On September 6, the Joint Commission on Accreditation of Healthcare Organizations issued a Sentinel Event Alert urging health care organizations to pay special attention to how emergency power systems can fail. Though the alert was geared towards hospitals and other facilities that directly care for patients, many of the precautions recommended also apply to laboratories. The loss of power for an unexpected amount of time due to natural disaster can cause the loss of specimens in storage and specimens being processed with failing equipment. Furthermore, loss of power presents a safety hazard for laboratory employees.
In order to meet current standards, health care facilities must have an emergency power testing program that includes generator load testing and Emergency Power Supply System (EPSS) maintenance. The National Fire Protection Association (NFPA) establishes codes and standards on the minimum design, installation, and testing of these systems in the National Electric Code (NFPA 70), the Standard on Health Care Facilities (NFPA 99), and the Standard for Emergency and Standby Power Systems (NFPA 110). EPSSs as defined by the above codes and standards are designed to “hold out” until normal power is restored.
The Joint Commission Sentinel Alert provides a number ways in which you can assess the vulnerability of your facility. These include often-overlooked items such as meeting with your local utility provider to find out how reliable the existing power system is. Factors such as age of equipment and overloading can reduce power system reliability significantly. Another way to assess facility vulnerability is to take note of any occasional brown-outs or black-outs occur at the facility, because those may be symptoms of a larger electrical problem.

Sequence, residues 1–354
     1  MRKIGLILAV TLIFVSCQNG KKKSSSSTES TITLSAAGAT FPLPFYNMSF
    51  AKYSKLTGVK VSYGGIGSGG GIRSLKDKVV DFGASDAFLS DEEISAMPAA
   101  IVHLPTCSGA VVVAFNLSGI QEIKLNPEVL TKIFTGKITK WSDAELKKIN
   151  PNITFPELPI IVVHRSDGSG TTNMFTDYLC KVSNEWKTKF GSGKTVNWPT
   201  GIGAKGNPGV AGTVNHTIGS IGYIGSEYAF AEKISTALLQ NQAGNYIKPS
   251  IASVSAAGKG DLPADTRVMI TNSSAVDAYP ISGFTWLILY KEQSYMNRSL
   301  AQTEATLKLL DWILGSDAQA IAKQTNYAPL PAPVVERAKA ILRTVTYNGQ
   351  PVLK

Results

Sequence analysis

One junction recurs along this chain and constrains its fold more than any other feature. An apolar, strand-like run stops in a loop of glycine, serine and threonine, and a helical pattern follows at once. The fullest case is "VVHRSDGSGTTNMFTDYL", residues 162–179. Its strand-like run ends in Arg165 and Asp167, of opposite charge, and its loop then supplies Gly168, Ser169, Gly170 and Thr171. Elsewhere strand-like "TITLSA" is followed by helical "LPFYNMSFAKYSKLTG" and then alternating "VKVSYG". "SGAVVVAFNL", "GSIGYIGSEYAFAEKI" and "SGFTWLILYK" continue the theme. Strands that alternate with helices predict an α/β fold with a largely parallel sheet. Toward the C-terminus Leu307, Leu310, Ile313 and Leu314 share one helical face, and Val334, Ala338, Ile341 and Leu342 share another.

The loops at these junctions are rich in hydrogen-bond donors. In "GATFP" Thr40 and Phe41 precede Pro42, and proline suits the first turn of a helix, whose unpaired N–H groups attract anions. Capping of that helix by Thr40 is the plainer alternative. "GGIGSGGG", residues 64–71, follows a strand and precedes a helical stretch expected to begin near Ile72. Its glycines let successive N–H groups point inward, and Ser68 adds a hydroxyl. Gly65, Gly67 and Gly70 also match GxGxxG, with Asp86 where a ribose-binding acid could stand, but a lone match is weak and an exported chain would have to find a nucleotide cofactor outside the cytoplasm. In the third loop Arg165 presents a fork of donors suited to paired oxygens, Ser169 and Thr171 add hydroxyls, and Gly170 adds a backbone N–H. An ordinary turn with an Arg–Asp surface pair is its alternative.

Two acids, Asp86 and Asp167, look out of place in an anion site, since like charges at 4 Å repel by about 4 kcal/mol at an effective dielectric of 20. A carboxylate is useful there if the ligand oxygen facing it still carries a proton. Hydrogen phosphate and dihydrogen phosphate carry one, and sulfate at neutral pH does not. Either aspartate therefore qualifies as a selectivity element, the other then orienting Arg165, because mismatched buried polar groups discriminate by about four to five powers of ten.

The Joint Commission Sentinel Alert also provides recommendations for facilities to prevent the adverse affects of emergency electrical power system failure in addition to meeting current standards. The first recommendation is to perform a gap analysis on the emergency power system that matches the critical equipment and systems needed versus the systems actually on the emergency power system. Another recommendation is to ensure that engineering staff have communicated the capabilities and limitations of the emergency power supply system to the facility management and clinical leaders. Finally, the Sentinel Alert recommends establishing a contingency plan.
For more details on assessing vulnerability, establishing a contingency plan, and the complete list of recommendations, see the Sentinel Alert: Preventing adverse events caused by emergency electrical power system failures.